Molina, Natalia. “Borders, Laborers, and Racialized Medicalization: Mexican Immigration and US Public Health Practices in the 20th Century.” American Journal of Public Health 101.6 (June 2011): 1024–1031.Find this resource:

                                    Ngai, Mae M. Impossible Subjects: Illegal Aliens and the Making of Modern America. Princeton, NJ: Princeton University Press, 2004.Find this resource:

                                      Pitti, Stephen J. The Devil in Silicon Valley: Northern California, Race, and Mexican Americans. 3d ed. Princeton, NJ: Princeton University Press, 2004.Find this resource:

                                        Rodríguez, Néstor. “New Southern Neighbors: Latino Immigration and Prospects for Intergroup Relations between African-Americans and Latinos in the South.” Latino Studies 10.1 (April 2012): 18–40.Find this resource:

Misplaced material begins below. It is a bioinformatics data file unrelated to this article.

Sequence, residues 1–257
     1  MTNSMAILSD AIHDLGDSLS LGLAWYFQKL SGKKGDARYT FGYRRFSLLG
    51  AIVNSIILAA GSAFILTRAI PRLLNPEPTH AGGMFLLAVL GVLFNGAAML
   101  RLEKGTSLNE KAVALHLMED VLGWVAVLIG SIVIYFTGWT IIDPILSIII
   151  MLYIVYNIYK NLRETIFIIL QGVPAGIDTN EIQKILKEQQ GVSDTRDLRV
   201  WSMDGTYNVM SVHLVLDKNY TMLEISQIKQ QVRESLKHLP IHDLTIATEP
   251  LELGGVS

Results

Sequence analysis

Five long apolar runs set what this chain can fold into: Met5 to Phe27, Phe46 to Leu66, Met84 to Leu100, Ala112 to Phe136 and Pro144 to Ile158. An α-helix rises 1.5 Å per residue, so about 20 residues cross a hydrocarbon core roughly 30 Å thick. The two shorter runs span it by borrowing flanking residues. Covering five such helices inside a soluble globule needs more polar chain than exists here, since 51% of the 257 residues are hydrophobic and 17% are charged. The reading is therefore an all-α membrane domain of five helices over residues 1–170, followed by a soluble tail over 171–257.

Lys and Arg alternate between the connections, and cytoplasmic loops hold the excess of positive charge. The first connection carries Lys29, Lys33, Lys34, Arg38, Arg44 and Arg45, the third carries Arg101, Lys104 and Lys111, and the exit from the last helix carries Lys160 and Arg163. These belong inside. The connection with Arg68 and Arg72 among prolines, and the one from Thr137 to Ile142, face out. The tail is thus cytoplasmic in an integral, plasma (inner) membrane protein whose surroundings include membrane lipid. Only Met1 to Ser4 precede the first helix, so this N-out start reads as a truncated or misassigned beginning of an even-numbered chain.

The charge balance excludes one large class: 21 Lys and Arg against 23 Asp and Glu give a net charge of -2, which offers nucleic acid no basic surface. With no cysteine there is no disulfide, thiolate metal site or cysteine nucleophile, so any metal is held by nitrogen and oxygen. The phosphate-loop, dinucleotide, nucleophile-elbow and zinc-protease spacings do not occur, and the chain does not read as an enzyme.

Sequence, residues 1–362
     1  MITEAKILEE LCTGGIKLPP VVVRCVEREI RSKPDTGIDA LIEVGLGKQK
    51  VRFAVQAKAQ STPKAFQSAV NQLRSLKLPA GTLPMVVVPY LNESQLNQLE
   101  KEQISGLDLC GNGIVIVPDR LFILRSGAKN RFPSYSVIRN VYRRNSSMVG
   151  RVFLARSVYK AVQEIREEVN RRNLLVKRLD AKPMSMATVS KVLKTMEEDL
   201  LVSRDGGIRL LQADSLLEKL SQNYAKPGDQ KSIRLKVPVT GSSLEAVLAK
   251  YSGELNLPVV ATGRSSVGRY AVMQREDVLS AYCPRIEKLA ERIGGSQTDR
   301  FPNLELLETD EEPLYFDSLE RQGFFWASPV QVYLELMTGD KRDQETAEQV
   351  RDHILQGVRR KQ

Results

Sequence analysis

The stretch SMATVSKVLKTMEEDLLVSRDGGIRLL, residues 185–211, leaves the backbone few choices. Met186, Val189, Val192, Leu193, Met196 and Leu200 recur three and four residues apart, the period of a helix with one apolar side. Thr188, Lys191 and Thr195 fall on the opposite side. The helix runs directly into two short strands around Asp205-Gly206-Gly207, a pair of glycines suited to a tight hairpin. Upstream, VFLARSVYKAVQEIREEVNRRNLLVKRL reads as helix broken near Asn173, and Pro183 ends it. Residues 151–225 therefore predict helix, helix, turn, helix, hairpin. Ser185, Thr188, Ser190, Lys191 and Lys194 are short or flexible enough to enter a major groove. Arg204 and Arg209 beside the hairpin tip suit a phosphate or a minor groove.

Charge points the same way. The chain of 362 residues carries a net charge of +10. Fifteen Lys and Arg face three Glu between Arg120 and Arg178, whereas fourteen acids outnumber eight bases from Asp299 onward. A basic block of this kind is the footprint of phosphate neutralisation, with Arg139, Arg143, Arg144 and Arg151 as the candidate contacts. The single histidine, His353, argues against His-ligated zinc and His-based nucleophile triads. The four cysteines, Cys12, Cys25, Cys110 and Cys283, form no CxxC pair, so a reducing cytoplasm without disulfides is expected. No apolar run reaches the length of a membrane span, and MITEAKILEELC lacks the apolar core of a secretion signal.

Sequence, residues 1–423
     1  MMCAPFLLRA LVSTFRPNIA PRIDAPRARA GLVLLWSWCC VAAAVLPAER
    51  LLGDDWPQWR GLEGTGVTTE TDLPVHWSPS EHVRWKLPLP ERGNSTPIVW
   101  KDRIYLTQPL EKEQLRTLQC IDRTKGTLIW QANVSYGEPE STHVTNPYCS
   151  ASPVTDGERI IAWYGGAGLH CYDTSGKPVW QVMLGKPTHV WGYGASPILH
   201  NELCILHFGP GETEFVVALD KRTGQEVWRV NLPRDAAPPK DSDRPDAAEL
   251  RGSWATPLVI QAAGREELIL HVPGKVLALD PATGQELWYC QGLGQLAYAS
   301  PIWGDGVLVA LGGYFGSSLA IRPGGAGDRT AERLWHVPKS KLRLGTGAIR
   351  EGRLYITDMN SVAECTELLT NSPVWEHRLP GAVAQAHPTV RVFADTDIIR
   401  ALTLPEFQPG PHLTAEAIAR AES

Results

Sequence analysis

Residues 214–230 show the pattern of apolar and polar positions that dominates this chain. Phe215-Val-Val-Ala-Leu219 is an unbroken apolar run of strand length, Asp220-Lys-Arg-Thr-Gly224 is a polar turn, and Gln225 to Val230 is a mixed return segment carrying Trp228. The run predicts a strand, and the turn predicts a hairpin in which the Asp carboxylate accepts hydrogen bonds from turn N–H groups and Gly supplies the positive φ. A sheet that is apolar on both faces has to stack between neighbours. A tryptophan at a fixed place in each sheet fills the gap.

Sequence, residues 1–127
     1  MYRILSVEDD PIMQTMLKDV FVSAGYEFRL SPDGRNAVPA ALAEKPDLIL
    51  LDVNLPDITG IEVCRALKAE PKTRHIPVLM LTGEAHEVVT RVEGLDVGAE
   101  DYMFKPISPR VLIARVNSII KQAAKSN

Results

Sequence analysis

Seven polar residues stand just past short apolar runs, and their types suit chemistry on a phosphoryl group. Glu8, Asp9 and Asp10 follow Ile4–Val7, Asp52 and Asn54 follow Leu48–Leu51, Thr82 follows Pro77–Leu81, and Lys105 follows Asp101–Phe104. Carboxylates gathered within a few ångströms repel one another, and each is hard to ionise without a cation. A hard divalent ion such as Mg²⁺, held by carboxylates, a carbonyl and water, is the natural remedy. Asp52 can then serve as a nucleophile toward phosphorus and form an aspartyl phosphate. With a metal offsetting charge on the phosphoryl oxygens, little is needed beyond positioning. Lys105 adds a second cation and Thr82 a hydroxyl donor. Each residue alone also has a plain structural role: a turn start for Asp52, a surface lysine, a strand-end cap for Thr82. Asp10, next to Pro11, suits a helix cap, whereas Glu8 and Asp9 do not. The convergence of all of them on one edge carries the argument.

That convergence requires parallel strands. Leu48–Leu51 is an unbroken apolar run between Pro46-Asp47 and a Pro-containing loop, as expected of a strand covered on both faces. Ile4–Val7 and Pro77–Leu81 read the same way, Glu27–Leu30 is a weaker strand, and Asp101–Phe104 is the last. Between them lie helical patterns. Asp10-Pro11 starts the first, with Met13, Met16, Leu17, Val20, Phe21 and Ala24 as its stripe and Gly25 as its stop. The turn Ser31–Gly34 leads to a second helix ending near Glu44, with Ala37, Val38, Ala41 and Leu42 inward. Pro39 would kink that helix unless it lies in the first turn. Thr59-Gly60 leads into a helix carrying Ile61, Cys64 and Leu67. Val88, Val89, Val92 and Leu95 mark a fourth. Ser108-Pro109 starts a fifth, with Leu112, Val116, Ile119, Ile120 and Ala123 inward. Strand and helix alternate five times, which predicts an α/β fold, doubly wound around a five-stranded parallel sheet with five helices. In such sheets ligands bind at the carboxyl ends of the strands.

Rosas, Ana Elizabeth. Abrazando El Espíritu: Bracero Families Confront the US-Mexico Border. Oakland: University of California Press, 2014.Find this resource:

                                            Snodgrass, Michael. “Patronage and Progress: The Bracero Program from the Perspective of Mexico.” In Workers Across the Americas: The Transnational Turn in Labor History, edited by Leon Fink, 245–266. New York: Oxford University Press, 2011.Find this resource:


                                              (1.) Matt García, A World of Its Own: Race, Labor, and Citrus in the Making of Greater Los Angeles, 1900–1970 (Chapel Hill: University of North Carolina Press, 2001), 235.

                                              (2.) Stephen J. Pitti, The Devil in Silicon Valley: Northern California, Race, and Mexican Americans, 3d ed. (Princeton, NJ: Princeton University Press, 2004).

                                              (3.) Oral History Association, “Principles for Oral History and Best Practices for Oral History.”

                                              (4.) Smithsonian Institute Traveling Exhibition Service, “Bittersweet Harvest: The Bracero Program, 1942–1964.”

                                              (5.) National Council on Public History, “Awards.”